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Im not sure if this is necessarily the right place for this but i figured someone might have had a similar issue. I have a Yamaha RGX A2 in white but over time its turned yellow. I assume its the clearcoat rather than the actual colour underneath. Is there a way to reverse this?

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    I wouldn't even try. It's not an expensive guitar, but ruining the paintwork isn't going to improve its value or endear it more to anyone. I've a 70's Rikki that I affectionately call 'tobacco white'.. meaning it's about a mid-beige/yellow these days.
    – Tetsujin
    May 28, 2021 at 9:34
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    There will be a way, but it'll cost more than the guitar is worth, and probably will go the same way in the future. It's called patina.
    – Tim
    May 28, 2021 at 11:00
  • Patina, an elegant for for rust! :-) Jun 25, 2021 at 13:57

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Everyone has a right to their own preferences, but the music store that I worked at just loved to see those older guitars with a yellowed finish come into the store in trade for the shiny new guitars. Many customers would choose the older, yellowed, heavily played instruments over the shiny new guitars sometimes at higher prices. There seems to be a certain mystique about aged instruments, but it seems they need to show their age to be desirable. Go figure.

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  • With very rare exceptions, I have always preferred buying good used guitars. And it's not about esthetics. If they have been kept and used well, if they have aged and settled well, they beat any new guitar any day of the week, at least for me.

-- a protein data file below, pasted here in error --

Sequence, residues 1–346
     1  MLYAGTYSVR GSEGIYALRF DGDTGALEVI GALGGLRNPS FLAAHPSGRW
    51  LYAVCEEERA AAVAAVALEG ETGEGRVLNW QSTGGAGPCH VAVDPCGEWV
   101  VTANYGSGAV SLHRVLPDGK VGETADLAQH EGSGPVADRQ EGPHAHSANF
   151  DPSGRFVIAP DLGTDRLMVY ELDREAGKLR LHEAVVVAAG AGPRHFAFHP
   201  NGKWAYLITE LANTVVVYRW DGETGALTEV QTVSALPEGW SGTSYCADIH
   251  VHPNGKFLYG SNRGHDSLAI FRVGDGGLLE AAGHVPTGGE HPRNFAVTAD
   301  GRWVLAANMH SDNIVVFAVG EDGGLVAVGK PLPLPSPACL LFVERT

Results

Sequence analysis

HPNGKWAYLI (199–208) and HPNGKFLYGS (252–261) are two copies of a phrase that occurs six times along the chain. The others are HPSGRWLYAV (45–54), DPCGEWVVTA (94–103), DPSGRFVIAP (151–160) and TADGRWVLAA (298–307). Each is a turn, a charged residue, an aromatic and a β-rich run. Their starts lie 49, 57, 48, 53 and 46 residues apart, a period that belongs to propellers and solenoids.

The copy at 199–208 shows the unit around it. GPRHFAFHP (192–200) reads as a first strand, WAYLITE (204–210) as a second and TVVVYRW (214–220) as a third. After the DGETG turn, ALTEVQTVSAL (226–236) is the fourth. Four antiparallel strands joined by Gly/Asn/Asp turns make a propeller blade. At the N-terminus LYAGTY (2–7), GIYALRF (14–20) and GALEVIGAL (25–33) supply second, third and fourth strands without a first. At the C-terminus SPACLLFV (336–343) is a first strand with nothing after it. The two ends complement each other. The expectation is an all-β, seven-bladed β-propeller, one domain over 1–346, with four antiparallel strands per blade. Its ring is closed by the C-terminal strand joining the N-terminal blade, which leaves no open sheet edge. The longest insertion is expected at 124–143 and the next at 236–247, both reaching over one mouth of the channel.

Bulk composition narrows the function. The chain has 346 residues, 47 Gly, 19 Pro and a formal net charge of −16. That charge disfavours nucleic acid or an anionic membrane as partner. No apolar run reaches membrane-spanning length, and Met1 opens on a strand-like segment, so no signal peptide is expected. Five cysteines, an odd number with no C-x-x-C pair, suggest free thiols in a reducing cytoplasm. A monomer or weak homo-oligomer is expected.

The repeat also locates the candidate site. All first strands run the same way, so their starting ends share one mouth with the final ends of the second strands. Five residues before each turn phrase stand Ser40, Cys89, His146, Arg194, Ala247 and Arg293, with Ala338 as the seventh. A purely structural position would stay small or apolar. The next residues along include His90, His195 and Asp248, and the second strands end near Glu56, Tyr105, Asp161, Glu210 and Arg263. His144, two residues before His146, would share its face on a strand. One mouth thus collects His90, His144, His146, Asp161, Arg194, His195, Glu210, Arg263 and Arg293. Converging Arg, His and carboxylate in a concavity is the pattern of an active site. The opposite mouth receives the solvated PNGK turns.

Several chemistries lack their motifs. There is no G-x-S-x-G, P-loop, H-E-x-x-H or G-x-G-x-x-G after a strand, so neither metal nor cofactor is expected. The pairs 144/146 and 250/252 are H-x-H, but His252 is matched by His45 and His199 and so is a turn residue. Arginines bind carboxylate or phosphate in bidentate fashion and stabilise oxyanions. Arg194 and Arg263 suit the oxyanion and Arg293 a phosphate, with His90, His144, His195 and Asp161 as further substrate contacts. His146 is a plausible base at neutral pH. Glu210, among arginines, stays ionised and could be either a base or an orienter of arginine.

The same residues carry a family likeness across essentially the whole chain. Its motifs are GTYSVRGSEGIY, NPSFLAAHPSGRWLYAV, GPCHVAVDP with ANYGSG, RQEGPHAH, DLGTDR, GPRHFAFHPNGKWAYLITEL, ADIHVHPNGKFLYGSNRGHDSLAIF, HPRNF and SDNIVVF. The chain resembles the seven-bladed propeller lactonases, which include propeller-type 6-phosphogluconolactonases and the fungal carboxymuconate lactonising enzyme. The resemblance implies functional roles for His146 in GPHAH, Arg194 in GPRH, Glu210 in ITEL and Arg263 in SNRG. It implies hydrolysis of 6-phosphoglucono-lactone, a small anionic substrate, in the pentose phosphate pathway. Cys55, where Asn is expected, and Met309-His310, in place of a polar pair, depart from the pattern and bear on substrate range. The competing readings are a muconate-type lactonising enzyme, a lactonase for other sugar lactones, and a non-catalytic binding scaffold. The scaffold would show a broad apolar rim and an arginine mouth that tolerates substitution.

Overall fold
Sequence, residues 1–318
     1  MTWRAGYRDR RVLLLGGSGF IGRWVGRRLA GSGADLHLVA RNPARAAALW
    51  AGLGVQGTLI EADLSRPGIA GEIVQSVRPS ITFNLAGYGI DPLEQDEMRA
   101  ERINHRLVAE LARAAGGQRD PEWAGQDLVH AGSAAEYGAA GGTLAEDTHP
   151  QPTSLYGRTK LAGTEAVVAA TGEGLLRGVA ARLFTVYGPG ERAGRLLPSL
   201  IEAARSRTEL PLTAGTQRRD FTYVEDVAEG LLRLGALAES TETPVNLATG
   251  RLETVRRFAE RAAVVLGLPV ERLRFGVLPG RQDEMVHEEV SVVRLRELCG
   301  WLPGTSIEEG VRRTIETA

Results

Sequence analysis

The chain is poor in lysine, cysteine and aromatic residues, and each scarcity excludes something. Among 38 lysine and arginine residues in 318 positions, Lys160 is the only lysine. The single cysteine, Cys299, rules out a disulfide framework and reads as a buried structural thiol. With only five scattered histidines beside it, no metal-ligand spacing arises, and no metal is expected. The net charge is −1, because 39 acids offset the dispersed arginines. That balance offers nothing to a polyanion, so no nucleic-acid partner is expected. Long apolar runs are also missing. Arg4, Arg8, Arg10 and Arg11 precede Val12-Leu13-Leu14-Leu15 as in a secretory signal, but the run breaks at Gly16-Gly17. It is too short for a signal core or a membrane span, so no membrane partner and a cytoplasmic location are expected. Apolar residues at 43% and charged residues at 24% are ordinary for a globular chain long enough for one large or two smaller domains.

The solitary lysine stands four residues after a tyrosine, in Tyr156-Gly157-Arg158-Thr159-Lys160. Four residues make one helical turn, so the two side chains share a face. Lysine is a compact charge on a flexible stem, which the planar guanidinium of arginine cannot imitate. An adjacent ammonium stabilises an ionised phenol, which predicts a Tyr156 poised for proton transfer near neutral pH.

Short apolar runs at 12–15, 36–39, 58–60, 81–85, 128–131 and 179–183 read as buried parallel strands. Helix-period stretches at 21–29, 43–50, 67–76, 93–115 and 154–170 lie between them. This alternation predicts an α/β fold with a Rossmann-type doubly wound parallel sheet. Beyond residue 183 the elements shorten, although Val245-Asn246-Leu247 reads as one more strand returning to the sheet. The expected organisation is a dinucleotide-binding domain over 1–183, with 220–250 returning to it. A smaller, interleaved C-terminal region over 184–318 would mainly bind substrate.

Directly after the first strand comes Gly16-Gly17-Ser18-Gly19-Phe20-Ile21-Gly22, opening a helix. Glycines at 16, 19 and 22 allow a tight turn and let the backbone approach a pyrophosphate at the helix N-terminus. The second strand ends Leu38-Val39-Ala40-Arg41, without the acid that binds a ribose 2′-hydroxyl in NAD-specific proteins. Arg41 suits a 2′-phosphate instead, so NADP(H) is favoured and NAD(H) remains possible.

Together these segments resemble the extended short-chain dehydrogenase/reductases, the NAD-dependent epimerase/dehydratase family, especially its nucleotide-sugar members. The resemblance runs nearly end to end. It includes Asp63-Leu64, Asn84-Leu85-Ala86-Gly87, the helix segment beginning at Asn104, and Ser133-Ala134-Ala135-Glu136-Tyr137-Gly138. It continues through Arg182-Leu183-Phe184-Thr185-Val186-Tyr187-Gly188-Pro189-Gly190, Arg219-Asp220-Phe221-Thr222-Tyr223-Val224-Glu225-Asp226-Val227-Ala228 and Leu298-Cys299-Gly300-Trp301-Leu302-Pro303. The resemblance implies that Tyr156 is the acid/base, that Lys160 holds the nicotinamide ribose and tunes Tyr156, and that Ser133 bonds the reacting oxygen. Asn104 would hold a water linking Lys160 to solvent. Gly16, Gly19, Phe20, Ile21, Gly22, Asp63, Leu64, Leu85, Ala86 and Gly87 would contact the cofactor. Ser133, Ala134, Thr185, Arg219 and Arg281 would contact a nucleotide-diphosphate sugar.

– MMazzon
    May 30, 2021 at 15:16
  • You buy a vintage guitar for the oldness of the wood, but be sure the quality of electric guitar production has improved greatly over the years. There is also the issue of certain era of pickups cannot be reproduced because of environmental concerns in the manufacturing process. Also a lot of big manufacturers had eras where they had slumps. CBS era fenders and 90s Gibson are guitars I would avoid. You cannot think it is good just because it is old
    – Neil Meyer
    Jun 12, 2021 at 13:08
  • @Neil Meyer- Your final sentence is very true, but many folks don't seem to understand and make purchases based on patina. As I stated before, Go figure. Jun 12, 2021 at 15:15
  • It is actually also worth noting that the PRS led 90's rock scene was greatly inspired by the poor quality of gibson guitars at the time. Would a band like Collective Soul have played a PRS in the 90's if Gibson had there act together? I wonder!
    – Neil Meyer
    Jun 12, 2021 at 20:04
  • But still look at this and say to me that the guitar does not get your motor running - youtube.com/…
    – Neil Meyer
    Jun 12, 2021 at 20:17
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I am not a chemist, but I believe this can be an effect from sun exposure. Something about UV rays can cause it to turn yellow. Possibly by Lessing the whitening agents in the paint (titanium dioxide?). However, polyurethane also yellows over time, which, like you, I'm guessing is the culprit. It is possible to sand off the outer layer, and recoat it, but like others have said: it might not work, and the yellowing is cool.

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